In September 1899, Marconi visited the United States at the invitation of the New York Herald.  It was arranged that he would send out news releases in Morse Code on the progress of the 10th America’s Cup, a yacht race between two contenders, the American “Columbia” owned by the financier J. P. Morgan & the British “Shamrock” (1) owned by Sir Thomas Lipton of tea fame.  

In order to cover the race as it proceeded off the coast of New Jersey, Marconi placed wireless equipment on the ship “Ponce”, owned by the Puerto Line, and the “Mackay Bennett”, a cable ship at anchor near the Sandy Hook Lighthouse.  During the three stages of the race, lasting for 2½ weeks, Marconi successfully Morsed the information back to the New York Herald.  We might add, the American contender, “Columbia” won the three successive events outright.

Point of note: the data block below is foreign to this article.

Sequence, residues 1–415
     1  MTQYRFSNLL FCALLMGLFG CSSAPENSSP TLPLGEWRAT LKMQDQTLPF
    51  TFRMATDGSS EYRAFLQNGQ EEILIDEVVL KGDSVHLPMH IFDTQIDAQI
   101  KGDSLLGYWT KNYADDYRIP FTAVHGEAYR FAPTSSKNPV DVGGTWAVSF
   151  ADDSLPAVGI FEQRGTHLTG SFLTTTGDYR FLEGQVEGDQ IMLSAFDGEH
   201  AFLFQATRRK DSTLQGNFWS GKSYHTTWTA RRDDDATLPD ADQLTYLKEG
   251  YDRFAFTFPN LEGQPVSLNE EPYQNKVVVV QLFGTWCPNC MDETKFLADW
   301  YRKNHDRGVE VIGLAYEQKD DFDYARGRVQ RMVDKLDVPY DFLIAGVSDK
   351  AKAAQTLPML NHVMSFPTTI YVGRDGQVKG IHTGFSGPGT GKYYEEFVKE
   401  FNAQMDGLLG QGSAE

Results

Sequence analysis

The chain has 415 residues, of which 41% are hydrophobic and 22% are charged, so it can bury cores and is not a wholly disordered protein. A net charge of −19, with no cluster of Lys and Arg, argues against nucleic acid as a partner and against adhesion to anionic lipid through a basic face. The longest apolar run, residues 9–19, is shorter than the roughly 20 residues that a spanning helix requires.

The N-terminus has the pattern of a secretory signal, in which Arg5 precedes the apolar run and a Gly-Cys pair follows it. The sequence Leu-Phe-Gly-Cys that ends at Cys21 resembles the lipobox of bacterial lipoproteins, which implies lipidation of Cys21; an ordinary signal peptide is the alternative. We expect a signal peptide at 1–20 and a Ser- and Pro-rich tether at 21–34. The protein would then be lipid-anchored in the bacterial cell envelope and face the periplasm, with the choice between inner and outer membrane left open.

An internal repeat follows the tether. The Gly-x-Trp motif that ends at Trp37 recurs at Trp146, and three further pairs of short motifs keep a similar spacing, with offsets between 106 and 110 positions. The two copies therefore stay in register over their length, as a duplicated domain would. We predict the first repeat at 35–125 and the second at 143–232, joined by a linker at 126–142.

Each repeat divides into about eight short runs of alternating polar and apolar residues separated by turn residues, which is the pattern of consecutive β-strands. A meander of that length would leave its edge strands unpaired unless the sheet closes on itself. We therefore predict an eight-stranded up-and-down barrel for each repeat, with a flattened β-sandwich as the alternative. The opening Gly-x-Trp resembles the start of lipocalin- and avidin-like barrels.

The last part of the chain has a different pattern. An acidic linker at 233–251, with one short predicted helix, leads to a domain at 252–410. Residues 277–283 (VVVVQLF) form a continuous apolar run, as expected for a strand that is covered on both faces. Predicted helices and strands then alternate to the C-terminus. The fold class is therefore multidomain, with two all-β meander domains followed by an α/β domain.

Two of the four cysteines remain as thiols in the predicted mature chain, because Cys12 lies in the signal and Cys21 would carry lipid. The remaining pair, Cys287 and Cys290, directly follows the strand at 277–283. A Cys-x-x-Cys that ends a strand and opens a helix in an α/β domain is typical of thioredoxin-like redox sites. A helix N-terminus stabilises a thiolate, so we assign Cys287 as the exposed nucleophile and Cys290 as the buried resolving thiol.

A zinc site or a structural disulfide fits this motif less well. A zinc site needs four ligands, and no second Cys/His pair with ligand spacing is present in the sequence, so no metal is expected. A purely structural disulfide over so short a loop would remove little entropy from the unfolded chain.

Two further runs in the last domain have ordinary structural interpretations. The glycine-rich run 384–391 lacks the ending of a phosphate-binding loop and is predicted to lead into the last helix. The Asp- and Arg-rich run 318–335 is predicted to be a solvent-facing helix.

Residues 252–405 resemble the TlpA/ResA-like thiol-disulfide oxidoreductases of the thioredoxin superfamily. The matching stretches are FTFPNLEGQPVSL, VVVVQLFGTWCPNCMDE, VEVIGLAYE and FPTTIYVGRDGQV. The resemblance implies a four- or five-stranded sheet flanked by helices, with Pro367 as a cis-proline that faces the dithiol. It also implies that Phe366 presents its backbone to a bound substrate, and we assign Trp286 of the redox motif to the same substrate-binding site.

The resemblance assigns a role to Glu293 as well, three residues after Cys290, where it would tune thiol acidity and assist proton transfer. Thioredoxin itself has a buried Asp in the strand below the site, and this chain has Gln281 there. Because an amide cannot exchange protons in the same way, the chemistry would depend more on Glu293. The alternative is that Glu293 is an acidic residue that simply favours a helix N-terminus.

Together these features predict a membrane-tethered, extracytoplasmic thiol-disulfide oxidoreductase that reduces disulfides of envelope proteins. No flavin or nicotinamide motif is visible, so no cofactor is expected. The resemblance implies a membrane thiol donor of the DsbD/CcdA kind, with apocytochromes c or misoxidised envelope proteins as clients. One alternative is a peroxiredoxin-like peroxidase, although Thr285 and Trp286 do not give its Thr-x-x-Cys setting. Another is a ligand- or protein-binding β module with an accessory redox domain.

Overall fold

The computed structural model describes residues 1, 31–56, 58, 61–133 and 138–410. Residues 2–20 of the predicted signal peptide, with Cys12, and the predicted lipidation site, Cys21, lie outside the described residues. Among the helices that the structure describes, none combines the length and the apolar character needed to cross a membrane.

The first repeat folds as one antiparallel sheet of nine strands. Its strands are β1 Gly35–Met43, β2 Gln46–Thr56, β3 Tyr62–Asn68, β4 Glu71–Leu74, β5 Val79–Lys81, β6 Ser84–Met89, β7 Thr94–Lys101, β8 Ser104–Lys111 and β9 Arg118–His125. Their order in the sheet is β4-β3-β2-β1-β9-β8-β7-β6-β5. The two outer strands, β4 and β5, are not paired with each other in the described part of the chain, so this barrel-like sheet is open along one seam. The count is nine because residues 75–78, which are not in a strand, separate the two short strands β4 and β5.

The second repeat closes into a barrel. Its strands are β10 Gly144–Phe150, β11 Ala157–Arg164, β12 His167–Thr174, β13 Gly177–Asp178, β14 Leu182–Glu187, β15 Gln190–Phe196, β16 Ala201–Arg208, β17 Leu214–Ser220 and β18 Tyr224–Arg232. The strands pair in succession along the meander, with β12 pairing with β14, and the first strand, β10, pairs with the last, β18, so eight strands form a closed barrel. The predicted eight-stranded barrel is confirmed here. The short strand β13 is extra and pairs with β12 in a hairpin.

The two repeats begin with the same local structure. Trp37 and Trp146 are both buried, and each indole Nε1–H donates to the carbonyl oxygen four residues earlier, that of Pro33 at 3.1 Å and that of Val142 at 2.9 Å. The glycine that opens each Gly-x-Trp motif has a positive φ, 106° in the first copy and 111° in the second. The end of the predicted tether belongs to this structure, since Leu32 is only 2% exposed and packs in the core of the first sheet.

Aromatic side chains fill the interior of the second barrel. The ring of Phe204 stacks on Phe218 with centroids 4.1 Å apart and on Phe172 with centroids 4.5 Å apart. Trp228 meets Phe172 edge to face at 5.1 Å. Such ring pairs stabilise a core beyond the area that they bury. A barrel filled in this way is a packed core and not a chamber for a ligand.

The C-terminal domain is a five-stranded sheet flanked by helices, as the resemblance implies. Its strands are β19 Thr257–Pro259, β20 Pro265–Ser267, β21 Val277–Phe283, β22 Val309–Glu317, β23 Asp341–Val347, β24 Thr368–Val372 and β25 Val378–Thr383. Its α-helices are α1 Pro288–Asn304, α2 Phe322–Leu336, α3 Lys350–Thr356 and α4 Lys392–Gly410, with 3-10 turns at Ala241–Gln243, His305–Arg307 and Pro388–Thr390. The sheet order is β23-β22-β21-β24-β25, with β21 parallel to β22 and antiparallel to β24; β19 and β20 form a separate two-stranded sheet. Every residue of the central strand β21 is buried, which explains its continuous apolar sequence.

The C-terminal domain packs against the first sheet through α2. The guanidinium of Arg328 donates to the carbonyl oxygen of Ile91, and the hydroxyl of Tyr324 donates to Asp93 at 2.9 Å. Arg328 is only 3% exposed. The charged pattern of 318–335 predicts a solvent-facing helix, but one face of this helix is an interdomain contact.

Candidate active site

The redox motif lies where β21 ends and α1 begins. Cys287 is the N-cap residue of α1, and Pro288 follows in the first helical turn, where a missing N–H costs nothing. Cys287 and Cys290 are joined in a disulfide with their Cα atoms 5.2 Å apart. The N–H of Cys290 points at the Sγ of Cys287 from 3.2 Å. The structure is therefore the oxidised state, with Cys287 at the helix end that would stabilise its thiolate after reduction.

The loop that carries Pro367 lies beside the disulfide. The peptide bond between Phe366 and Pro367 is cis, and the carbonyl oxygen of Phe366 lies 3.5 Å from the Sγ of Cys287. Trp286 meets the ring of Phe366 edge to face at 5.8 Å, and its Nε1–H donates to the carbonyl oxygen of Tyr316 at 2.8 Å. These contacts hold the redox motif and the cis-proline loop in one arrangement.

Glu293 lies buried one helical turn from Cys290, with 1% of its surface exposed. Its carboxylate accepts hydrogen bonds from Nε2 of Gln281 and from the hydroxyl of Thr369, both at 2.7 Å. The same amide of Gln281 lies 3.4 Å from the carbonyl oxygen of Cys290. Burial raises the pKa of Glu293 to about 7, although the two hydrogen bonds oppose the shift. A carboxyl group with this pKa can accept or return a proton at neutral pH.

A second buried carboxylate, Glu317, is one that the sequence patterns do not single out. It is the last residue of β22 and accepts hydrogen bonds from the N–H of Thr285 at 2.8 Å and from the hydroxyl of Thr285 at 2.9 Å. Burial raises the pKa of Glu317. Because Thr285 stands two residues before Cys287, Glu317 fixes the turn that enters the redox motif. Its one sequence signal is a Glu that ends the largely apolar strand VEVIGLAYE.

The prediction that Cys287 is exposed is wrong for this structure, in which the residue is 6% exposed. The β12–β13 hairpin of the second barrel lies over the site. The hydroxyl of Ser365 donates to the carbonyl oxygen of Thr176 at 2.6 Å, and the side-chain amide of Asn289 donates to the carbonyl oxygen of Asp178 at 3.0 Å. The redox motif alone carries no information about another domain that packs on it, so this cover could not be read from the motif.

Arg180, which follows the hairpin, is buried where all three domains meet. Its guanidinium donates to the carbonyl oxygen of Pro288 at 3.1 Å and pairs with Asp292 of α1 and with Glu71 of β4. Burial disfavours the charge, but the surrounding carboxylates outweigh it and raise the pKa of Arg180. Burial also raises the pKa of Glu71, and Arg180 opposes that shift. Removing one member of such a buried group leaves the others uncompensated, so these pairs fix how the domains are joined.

Two years later, there was a re-run of the same race at the same location between the same two sparring partners, J. P. Morgan with his same “Columbia” and Lipton with a newly designed yacht, the “Shamrock 2”.  However, due to the success of the Marconi news reports by wireless 2 years earlier, two other wireless companies got into the act. 

Marconi equipment was installed into the ship “Mindora” with the landbased station installed at the Navesink Twin Lighthouse, and news bulletins were Morsed ashore for AP, the Associated Press. 
Another company, headed up by Lee de Forest, placed wireless equipment on an old schooner, the “Maid of the Mist” which was towed around by the tugboat “William J. Sewell”.  The de Forest news bulletins were Morsed ashore for the Publishers Press association. 

In addition the International Wireless Telegraph company also installed wireless equipment on board ship and at a landbased location at Galilee in coastal New Jersey.  Morse code coverage from this station did at times produce some form of jamming against the transmissions from the Marconi & de Forest stations.
Initially there was some on air squabbling between the Marconi & the de Forest stations due to the fact that both temporary wireless stations were using untuned equipment, but for the benefit of both, they worked out a mutually agreeable sharing of time for their transmissions.  Once again, the American “Columbia” was the winner over the British “Shamrock 2”.